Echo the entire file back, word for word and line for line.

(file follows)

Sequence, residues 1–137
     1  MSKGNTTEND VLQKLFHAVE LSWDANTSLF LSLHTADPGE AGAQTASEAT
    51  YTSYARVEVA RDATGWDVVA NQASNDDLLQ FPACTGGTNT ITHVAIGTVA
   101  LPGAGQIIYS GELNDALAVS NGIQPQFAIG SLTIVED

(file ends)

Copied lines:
Sequence, residues 1–137
     1  MSKGNTTEND VLQKLFHAVE LSWDANTSLF LSLHTADPGE AGAQTASEAT
    51  YTSYARVEVA RDATGWDVVA NQASNDDLLQ FPACTGGTNT ITHVAIGTVA
   101  LPGAGQIIYS GELNDALAVS NGIQPQFAIG SLTIVED